I think it is unenforceable, but it comes with the territory in a state that does not register by party (see the concept of “system”, above–plainly written, not encrypted. Thanks!)

    Yes, I have taken it before, and again recently, when filling out a delegate form.

    I also tended to follow the rule, when I belonged to the local committee, of not savaging fellow members. When you opt to join a team, whether you sign anything or not, there is an expectation (see both common sense, and common courtesy above, also not encrypted) of at the very least going through the motions of being a team player.

  • edmundburkenator says:

    “eb, perhaps if you read what I actually wrote instead of using the opportunity for a kneejerk languid driveby snipe, you’d see from my first one on the thread that I agreed with Linda B.”

    From Linda:

    “Not to defend the pledge (I think it’s stupid and agree with most of what you’ve written), but I’ve never thought there was ever any representation that it dictates who the signer votes for once it comes time to step into the booth.”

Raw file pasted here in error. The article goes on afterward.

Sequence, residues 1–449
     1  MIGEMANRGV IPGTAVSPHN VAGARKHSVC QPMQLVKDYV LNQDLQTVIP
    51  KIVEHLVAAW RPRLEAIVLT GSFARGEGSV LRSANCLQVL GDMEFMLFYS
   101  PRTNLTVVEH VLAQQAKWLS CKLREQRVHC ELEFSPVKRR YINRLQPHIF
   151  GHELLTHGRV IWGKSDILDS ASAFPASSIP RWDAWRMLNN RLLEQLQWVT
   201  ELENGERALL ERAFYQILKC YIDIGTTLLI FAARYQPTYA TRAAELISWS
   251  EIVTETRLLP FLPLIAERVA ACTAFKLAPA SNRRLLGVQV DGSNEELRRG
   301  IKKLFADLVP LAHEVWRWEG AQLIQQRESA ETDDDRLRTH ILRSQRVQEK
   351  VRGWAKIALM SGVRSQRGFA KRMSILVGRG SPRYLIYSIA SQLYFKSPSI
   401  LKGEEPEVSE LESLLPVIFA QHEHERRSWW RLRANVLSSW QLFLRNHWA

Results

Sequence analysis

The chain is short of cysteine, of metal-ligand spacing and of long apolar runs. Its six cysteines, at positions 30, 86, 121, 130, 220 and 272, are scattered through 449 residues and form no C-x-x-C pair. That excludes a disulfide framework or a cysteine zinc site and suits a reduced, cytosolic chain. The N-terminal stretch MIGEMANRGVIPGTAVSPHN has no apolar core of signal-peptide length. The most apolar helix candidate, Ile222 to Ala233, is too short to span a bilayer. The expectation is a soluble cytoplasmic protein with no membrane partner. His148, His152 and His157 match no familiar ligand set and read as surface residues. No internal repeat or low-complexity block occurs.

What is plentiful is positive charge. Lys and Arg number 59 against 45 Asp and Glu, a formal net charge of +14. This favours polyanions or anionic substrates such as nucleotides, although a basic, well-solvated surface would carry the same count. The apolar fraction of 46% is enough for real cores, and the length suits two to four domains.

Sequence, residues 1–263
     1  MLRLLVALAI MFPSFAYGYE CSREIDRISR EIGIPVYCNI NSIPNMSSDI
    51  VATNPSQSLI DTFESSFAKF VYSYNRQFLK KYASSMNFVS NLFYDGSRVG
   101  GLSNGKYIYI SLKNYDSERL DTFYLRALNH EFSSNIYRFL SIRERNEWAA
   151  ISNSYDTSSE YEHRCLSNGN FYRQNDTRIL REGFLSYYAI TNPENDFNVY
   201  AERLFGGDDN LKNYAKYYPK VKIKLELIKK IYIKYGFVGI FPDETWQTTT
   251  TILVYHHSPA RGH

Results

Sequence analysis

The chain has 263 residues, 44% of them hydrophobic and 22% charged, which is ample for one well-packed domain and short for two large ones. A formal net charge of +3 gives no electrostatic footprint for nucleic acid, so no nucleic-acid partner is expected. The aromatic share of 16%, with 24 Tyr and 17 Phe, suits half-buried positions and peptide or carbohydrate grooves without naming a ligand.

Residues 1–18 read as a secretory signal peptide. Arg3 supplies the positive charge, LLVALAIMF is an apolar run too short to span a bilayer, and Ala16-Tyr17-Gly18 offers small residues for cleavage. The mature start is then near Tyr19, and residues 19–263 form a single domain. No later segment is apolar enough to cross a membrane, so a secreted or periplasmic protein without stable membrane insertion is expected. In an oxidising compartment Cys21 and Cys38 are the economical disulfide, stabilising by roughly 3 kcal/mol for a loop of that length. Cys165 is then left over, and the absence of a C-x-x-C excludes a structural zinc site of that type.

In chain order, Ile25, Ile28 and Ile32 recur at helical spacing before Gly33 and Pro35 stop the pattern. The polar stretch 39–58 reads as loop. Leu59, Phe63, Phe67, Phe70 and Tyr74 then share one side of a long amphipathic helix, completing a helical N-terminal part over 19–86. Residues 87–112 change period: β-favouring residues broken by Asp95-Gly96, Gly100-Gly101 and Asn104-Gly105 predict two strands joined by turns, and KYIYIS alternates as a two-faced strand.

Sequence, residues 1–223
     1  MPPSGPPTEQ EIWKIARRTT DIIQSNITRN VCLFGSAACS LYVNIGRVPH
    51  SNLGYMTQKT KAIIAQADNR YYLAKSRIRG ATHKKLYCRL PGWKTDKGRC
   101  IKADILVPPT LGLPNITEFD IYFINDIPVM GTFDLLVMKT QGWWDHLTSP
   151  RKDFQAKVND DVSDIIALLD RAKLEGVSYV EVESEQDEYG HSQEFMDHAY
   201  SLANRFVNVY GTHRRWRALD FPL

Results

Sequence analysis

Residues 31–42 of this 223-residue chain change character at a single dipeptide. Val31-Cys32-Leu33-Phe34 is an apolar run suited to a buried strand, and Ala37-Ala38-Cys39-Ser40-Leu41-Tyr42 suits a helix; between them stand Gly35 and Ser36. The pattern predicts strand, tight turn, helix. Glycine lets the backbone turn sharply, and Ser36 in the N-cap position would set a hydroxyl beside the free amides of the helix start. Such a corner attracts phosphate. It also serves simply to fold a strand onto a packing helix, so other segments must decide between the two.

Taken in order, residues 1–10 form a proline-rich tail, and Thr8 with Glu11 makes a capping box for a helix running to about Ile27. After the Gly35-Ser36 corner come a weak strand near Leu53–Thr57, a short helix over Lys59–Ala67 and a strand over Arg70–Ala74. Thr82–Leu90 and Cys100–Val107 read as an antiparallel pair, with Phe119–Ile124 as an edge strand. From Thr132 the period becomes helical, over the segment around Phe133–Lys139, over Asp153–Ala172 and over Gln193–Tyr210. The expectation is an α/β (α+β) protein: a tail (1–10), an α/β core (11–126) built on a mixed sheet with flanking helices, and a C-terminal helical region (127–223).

“eb, for someone who likes to set themselves up as the eidos of all that is wise and reasonable, please stop putting words in my mouth.”

    You inserted Linda’s words into your mouth, not I.

    I’m done with the languid sniping. It’s clear what your position is on this particular pledge with your last comment added to what is sure to be a more selected/parsed set of Linda’s comments.

    Holding off on the name-calling is o’ppreciated.

  • Barbara Munsey says:

    Nicely done, eb. The one word you chose from a parenthesis of a more (here’s a word of yours) NUANCED discussion. And as noted specifically, I think it is unenforceable.

    How nice that you’re done, but I feel doubt.

    I suspect much more passive aggressive display from you as the season progresses, as I’m getting a bit of a whiff that the elections may not turn out as you wish this fall either.

    sigh!

  • edmundburkenator says:

    How do you know what I wish for this election season? I don’t even know.

    Doubt is the first step toward real faith, Barbara.